Quinn changes Illinois concealed-carry legislation - DC News FOX 5 DC WTTG

Quinn changes Illinois concealed-carry legislation

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CHICAGO (FOX 32 News) -

Illinois Gov. Pat Quinn said Tuesday he is changing a concealed-carry measure approved by the Legislature to cap the number of firearms and ammunition that can be carried and to ban guns from any establishment where alcohol is served.

The Chicago Democrat held a news conference in downtown Chicago on Tuesday to announce that he's using his amendatory veto power to add ammunition limits, bar guns in establishments serving alcohol and says local governments should be able to enact their own local laws in some cases.

"There are serious flaws in this bill that jeopardize public safety of the people of Illinois," Quinn said.

He spoke surrounded by nearly 100 anti-violence advocates, who cheered as he spoke. The crowd included young children and people who've lost family in shootings.

Those who spoke included the Rev. Michael Pfleger, who gave an impassioned speech and called the original bill "weak and shameful." The activist priest has led anti-violence marches in the city.

Others talked about how violence has impacted the city's neighborhoods.

Quinn says his "important, common sense changes" protect public safety and were inspired by the National Rifle Association.

Quinn's other changes include more clarification on mental health reporting and stricter definition of "concealed carry," among other things.

The governor's changes to House Bill 183 include the following:

ALCOHOL: Guns would be banned from any business where alcohol is served. Currently, the legislation bars guns only from restaurants whose liquor sales amount to less than half of gross sales.

LOCAL LAWS: Local communities would be able to create their own laws limiting assault weapons.

SIGNAGE: A person wouldn't be allowed to carry a concealed gun into a business, church or other private property unless the owner displays a sign giving them express permission.

AT WORK: Employers would be able to enact policies prohibiting workers from carrying concealed weapons on the job or on job-related duties.

GUNS AND AMMO: Licensed gun owners would only be allowed to carry a single concealed gun and one ammunition clip holding up to 10 rounds.

MENTAL HEALTH: More clarification would be required to assure that Illinois State Police get mental health records to determine whether a permit applicant could be a threat to themselves or others.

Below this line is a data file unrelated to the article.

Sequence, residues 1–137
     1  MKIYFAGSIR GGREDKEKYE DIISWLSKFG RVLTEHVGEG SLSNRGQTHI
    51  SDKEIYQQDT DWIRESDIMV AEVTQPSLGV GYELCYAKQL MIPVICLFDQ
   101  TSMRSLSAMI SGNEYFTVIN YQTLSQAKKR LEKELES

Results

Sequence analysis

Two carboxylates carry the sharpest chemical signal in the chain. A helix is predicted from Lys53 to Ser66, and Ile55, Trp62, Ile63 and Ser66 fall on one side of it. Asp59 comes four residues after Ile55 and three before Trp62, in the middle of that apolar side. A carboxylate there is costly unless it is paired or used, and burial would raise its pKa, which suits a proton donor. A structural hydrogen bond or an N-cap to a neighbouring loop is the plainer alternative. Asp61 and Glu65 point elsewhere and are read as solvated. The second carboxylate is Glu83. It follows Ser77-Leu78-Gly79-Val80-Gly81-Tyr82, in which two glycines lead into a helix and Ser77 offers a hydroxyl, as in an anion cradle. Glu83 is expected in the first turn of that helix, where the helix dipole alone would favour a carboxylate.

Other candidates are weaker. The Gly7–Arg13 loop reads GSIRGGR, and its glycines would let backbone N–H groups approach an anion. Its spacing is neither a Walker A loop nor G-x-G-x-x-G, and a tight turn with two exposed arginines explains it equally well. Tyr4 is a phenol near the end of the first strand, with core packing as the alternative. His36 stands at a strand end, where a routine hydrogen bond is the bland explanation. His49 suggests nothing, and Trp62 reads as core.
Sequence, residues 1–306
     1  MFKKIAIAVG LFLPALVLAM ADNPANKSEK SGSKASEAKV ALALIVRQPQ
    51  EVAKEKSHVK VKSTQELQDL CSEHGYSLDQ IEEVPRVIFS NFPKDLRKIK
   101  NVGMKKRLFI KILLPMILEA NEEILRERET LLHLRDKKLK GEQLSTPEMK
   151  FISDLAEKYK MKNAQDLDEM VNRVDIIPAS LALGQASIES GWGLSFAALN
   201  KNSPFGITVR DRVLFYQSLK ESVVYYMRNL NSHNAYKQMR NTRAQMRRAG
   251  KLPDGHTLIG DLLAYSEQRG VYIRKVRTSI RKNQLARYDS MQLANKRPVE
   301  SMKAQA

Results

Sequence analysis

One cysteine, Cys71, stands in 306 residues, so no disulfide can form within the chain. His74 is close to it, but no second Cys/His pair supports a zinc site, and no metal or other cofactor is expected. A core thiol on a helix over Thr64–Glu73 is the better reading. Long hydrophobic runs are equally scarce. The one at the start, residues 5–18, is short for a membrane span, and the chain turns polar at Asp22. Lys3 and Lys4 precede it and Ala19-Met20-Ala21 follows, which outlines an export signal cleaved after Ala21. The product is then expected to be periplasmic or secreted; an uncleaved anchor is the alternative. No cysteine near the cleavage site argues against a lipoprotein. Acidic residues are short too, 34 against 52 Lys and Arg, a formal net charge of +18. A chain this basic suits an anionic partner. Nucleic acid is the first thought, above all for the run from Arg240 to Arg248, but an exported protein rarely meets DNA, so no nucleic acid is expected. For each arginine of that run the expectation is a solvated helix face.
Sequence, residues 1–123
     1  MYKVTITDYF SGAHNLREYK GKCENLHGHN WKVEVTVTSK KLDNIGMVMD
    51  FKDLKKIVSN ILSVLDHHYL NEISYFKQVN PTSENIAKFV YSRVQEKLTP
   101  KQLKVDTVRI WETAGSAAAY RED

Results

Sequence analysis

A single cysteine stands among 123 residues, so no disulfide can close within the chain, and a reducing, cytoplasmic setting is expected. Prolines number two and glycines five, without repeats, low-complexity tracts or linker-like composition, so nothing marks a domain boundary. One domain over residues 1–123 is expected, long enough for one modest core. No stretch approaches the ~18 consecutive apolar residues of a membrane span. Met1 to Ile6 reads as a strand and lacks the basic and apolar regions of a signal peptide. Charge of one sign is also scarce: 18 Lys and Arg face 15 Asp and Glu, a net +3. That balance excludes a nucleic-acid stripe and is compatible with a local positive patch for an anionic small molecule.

VISIBILITY: The definition of "concealed firearm" would be clarified to remove language that allows people to carry "mostly concealed" weapons. Quinn wants guns completely concealed.

OPEN RECORDS: A Concealed Carry Licensing Review Board would have to follow state open records laws and notify the public about its meetings.

ALERTING AUTHORITIES: People who have a concealed firearm would immediately have to tell police and public safety officials they're carrying a gun.

In his amendatory veto message Tuesday, Quinn asked people to call their lawmakers to push them to approve it.

The governor will run headlong into a likely override effort in the House and Senate, which  passed the legislation by overwhelmingly lopsided margins with what are known as veto-proof majorities. In May, the House voted 89-28 for the plan, while the Senate voted 45-12 for it.

A subsequent vote in both chambers that results in at least 71 House votes and 36 Senate votes will block Quinn's effort to undercut the legislation. Such a step could occur as early as next Wednesday when lawmakers return to Springfield for a one-day session.

But politically, such a defeat for the governor would enable him to boast of his efforts to preserve gun-control laws in the state. A rewrite of the concealed carry legislation would position himself favorably with many voters in a Democratic primary when he could face challenges from the attorney general and former White House Chief of Staff William Daley, the brother of former Mayor Richard M. Daley.

The gun deal that passed the General Assembly on May 31 would have preserved local gun laws, including Chicago and Cook County's bans on assault weapons, and kept gun owners from carrying their loaded weapons on public trains and buses.

Legislators were forced to take action on concealed-carry legislation after the 7th Circuit Court of Appeals last December struck down the state's prohibition against gun owners from taking their weapons in public places and gave the General Assembly 180 days to remedy the situation.

State Rep. Brandon Phelps (D-Harrisburg), the measure's chief House sponsor, told the Chicago Sun-Times that Quinn's office told him of the governor's plans to amendatorily veto the bill.

"It's a shame he is doing this on the week of the 4th [of July]," Phelps said. "He's living a double standard. He uses armed security guards for his protection but wants to make it harder for Illinoisans to protect themselves and their families.

"I can't believe he would AV this when we had a compromise," Phelps continued. "He's totally playing politics."

The legislation permits qualified gun owners who pass background checks and undergo 16 hours of training to get permits for $150.

Attorney General Lisa Madigan has not decided whether to appeal the appeals ruling to the U.S. Supreme Court.

The Sun-Times Media Wire and Associated Press contributed to this report.

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